To exist humanly, is to name the world, to change it. ~Paulo Freire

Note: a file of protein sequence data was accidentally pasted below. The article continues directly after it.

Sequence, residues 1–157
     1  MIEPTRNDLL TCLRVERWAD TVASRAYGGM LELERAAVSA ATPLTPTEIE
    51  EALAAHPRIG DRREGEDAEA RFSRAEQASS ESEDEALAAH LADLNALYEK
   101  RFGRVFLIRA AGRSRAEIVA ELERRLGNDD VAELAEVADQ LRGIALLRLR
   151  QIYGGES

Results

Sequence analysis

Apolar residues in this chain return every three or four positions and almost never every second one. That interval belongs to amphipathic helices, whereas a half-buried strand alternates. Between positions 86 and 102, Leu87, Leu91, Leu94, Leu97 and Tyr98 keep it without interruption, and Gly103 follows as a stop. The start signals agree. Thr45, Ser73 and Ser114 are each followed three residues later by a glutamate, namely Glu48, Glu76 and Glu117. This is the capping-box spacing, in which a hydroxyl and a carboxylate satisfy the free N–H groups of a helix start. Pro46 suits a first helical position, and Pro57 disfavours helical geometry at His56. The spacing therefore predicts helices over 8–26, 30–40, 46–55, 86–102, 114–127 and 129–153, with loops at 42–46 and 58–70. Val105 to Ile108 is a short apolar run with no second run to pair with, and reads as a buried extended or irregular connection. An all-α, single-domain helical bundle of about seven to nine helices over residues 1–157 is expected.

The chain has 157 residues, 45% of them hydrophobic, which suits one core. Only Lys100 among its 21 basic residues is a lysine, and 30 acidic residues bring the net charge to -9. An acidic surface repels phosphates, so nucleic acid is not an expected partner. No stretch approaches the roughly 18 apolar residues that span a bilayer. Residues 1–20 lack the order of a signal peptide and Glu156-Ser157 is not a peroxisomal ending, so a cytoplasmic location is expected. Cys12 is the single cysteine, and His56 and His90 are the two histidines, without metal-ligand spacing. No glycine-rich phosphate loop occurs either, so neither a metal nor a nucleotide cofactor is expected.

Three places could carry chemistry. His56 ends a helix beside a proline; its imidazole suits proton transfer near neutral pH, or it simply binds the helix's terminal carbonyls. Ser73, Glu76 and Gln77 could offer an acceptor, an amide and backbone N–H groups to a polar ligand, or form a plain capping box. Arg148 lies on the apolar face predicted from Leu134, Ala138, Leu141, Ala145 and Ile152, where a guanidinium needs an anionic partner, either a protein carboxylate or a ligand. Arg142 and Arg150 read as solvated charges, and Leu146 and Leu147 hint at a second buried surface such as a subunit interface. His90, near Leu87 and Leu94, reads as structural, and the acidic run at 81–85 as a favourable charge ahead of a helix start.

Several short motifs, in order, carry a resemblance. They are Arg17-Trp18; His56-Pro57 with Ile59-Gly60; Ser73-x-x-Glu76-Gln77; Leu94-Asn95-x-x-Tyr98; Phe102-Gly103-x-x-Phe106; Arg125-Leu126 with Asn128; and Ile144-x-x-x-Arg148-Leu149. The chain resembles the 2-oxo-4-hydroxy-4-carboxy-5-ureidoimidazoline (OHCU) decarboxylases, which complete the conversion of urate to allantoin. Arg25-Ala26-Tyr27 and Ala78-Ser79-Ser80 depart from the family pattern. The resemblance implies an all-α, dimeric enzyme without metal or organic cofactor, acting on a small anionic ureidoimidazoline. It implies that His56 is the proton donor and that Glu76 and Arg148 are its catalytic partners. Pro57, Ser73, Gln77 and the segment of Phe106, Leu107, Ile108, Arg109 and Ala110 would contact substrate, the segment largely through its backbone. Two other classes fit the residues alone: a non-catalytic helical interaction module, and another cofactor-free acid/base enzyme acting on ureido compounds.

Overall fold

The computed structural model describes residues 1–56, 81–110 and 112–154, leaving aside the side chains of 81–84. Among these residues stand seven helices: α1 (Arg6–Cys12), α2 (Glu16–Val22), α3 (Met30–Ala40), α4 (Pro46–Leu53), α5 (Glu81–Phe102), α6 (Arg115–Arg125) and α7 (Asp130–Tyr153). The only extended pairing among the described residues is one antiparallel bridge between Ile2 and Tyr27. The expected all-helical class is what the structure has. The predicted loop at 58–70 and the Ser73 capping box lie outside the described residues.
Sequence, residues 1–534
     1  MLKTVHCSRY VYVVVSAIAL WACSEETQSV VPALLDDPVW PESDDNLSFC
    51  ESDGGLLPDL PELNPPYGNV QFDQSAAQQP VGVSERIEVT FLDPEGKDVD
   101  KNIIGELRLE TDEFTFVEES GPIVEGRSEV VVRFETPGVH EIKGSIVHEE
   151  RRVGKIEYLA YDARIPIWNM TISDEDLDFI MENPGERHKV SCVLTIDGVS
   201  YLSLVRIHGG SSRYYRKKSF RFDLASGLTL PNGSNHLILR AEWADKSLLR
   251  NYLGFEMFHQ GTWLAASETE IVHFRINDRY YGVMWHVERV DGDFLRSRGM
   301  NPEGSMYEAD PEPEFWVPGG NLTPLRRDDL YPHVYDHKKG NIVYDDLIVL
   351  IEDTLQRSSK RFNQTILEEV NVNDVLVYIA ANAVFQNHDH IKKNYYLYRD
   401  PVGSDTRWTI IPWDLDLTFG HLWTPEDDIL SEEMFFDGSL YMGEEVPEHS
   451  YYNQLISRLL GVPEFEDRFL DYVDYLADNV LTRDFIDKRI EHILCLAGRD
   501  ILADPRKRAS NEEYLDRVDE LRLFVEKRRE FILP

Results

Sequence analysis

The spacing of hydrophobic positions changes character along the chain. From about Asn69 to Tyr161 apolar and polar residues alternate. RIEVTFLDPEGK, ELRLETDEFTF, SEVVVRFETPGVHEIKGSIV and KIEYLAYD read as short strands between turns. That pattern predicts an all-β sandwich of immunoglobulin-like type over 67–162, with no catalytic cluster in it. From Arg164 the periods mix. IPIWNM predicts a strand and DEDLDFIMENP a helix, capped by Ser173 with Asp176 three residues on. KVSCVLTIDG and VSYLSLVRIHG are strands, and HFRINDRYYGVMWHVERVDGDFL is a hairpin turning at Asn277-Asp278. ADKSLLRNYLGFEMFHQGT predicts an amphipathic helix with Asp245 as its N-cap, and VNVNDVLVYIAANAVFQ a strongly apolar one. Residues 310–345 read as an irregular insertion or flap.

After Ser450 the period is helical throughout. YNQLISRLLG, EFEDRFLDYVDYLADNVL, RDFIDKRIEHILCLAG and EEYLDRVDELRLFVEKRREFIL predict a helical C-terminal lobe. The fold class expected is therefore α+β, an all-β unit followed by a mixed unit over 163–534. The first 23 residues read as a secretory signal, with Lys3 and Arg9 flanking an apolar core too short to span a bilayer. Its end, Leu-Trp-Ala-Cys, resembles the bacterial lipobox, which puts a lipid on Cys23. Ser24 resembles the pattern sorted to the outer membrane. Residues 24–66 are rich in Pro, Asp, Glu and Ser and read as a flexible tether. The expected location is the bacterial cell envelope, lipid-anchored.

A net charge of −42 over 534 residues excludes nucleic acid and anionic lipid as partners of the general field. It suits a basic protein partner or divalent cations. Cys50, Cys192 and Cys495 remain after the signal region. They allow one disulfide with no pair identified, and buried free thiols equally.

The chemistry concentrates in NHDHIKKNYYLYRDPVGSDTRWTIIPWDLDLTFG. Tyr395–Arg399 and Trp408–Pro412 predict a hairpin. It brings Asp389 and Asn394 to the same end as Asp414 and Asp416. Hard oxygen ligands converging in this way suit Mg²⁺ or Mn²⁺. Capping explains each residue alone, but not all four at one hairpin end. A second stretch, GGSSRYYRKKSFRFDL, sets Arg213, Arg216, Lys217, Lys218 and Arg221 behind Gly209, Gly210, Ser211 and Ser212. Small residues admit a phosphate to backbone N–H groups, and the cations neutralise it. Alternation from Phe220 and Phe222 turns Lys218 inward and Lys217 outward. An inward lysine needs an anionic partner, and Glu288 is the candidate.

When I was 19 my full-time job was bartending a pub called Filthy McNasty’s. McNasty’s sat on Rose Street in Edinburgh, Scotland, one of the roughest streets in the city center at the time. Fights punctuated each hour of the night and later, after I’d moved on up from McNasty’s, a friend was stabbed near there in a skinhead-like attack. Indoors, customers called me “Garth” because of my wild, unkempt hair, like Garth in Wayne’s World. I didn’t wear makeup and favored baggy jeans and t-shirts; I guess this made me infuriatingly gender ambiguous. My fellow bartenders, with their straightened, bleached-blonde hair, penciled-on brows and figure-hugging polyester tolerated Garth to the best of their abilities, aside from one woman, whose actual name I don’t remember, but whose tan outfits—tight pants and jacket—and extremely thick accent conjured the name “Tanner” in my mind. This word, Tanner, also captured the sound of her voice. She clearly despised me/Garth. She would sashay away from us when the bar wasn’t full enough to force us close together. We could barely understand one another’s accents so the physical distance was a welcome relief.